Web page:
RICHARD H. THOMSON, Attorney at Law would like to help you build a brighter future.
Chapter 7 Debit Relief
Chapter 7 is commonly referred to as “straight bankruptcy” or “liquidation.” It allows individuals to obtain a fresh start by discharging most, if not all, of their debts. Certain debts cannot be discharged in a Chapter 7 case. These include, but are not limited to, domestic support obligations (i.e. child support, alimony, property settlement, etc.), certain tax obligations, student loans (unless not discharging them would create an “undue hardship”), and debts incurred through wrongful conduct. Unless the court grants an extension, creditors have 60 days from your 341 Meeting of Creditors (see below) to file objections to the discharge of certain debts or to your discharge in general.
To be eligible to file Chapter 7, you will be required to take a credit counseling course. This course must be completed before your case can be filed. After your case is filed, you will be required to take a second course before you will be eligible to receive your discharge. These courses can be done over the internet and we will assist you in registering for them. If you do not have access to the internet, you can take the courses in our office on one of our computers.
Chapter 7 is not for everyone. Sometimes, filing for bankruptcy can be one of the worst things someone can do. So, it is extremely important that you be totally candid with your attorney and answer his/her questions as thoroughly and honestly as possible.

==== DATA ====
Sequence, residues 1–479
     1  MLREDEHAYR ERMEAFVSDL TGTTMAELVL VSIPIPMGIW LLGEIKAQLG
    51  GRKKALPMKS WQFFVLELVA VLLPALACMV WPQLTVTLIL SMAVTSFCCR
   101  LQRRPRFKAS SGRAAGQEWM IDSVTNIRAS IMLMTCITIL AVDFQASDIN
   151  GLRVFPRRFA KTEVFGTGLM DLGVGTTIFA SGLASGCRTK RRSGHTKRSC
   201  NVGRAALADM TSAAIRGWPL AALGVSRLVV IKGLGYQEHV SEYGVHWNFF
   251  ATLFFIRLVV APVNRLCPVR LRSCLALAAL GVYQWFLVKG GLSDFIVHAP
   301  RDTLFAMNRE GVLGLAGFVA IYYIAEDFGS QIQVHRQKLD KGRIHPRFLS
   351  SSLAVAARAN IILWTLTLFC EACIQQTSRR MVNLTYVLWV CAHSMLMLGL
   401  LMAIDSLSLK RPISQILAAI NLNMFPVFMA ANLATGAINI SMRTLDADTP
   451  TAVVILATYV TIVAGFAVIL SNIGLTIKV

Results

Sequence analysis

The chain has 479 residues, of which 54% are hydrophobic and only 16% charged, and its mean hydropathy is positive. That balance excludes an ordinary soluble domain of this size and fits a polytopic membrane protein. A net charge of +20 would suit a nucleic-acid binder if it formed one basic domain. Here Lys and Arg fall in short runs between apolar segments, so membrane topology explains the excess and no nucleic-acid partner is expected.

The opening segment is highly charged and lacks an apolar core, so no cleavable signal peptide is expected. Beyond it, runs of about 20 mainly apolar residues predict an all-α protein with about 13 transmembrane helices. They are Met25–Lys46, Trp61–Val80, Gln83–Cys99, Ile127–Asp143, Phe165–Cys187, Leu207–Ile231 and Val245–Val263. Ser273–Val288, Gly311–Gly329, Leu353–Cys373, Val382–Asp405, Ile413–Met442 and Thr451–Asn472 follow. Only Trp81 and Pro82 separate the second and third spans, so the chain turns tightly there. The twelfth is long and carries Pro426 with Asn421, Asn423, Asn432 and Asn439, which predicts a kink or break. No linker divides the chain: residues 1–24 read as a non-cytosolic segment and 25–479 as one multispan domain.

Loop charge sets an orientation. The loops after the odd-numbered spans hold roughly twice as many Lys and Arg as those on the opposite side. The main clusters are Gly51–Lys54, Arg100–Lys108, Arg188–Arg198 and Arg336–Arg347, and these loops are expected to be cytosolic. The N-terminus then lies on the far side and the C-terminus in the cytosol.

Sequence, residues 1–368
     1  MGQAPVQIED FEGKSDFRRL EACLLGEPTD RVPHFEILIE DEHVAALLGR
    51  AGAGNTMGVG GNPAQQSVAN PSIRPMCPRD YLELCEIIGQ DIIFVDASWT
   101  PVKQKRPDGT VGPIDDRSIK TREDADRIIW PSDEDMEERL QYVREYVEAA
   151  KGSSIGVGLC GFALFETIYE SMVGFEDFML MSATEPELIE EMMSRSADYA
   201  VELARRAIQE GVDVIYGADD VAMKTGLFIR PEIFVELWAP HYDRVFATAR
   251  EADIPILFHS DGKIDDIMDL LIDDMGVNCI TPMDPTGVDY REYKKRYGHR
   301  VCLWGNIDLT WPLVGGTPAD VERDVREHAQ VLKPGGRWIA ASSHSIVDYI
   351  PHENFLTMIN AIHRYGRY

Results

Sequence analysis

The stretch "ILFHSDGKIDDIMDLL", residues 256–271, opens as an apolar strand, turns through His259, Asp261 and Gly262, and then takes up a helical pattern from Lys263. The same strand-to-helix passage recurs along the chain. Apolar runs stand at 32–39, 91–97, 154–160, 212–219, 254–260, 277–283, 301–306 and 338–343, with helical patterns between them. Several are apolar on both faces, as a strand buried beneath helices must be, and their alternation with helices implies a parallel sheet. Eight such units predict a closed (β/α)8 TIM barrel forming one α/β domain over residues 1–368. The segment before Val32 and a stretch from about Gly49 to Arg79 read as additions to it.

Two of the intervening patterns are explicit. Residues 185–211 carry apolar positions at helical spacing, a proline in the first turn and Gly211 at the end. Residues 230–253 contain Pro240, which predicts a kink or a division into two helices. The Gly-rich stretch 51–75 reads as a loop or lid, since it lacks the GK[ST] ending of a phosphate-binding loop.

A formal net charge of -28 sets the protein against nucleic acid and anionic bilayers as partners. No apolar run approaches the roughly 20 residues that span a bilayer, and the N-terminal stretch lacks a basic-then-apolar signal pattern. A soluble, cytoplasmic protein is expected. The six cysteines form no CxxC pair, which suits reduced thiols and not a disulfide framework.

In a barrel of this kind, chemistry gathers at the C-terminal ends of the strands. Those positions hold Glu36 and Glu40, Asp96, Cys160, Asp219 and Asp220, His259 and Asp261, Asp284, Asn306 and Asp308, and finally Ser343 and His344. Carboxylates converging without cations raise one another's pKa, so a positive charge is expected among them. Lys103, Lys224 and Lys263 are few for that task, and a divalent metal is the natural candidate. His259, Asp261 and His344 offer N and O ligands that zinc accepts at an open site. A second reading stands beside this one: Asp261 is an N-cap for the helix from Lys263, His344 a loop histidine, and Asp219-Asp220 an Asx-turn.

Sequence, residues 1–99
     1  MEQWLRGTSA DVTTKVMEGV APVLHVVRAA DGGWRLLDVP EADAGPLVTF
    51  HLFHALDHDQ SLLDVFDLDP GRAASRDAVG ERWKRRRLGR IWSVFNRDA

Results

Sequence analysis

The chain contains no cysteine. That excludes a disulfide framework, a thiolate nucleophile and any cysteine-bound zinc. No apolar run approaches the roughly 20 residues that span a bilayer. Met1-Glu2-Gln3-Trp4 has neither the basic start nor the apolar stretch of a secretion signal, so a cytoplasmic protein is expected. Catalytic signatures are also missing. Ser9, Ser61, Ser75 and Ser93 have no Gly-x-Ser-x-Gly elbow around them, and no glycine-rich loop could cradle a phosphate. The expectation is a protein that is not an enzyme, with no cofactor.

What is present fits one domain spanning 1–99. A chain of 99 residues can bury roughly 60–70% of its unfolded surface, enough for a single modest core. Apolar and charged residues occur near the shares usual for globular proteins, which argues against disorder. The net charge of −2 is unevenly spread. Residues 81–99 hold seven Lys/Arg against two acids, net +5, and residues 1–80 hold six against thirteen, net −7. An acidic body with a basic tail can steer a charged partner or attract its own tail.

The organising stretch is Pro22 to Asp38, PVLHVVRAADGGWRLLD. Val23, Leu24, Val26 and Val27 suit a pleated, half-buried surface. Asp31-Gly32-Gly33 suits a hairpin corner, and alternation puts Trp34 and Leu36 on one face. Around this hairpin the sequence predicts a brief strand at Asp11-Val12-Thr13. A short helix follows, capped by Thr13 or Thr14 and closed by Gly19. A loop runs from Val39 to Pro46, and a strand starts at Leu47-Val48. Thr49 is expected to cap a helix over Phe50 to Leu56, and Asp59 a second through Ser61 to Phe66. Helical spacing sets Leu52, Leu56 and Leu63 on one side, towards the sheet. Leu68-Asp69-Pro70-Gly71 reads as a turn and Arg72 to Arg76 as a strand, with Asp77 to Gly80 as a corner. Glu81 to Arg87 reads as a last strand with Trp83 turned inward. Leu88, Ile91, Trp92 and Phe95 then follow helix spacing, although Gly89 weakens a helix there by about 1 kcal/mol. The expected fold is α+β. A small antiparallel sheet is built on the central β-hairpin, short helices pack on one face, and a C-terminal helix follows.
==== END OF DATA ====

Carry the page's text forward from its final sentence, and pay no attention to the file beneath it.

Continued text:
A trustee can recover money or property paid or transferred to creditors, family members, friends, employers, etc. There are certain dollar amounts and time periods which apply, so it is important that you disclose any and all of these transfers to your attorney so you and your transferee can be protected.
There are many on-line search engines available to the trustee to help investigate the possibility of assets. Anymore, it is not difficult to access real estate records, DMV records, tax records, credit histories, purchases, and court records through the internet. Failure to disclose any assets could lead to the denial of your discharge.
While your case is open, you cannot sell, quitclaim, gift, or otherwise transfer or encumber property of the estate. Nor can you settle any lawsuits or claims which arose prior to the filing of your Chapter 7 case. Remember: just because you have received your discharge does not necessarily mean that your case has been closed. If you have any doubts or concerns about assets which might be property of the estate, speak to your attorney before taking any action affecting those assets.
If you are contemplating filing for Chapter 7 bankruptcy, do not load up on your credit cards or incur other, non-essential debt shortly before filing. The court may presume this to be fraudulent activity (i.e. you incurred the debt knowing that you did not intend to pay it back) and it may be excepted from your discharge. Again, it is always best to get your attorney’s advice beforehand.
Generally, when you file a Chapter 7 petition a temprorary injunction called the automatic stay immediately goes into effect. With some exceptions, the automatic stay prevents creditors from taking action to collect from you or your property. It applies to phone calls, collection letters, lawsuits, garnishments, repossessions, foreclosures, etc. The purpose of the automatic stay is to give you some breathing room, preserve your assets, and promote your fresh start when you exit bankruptcy.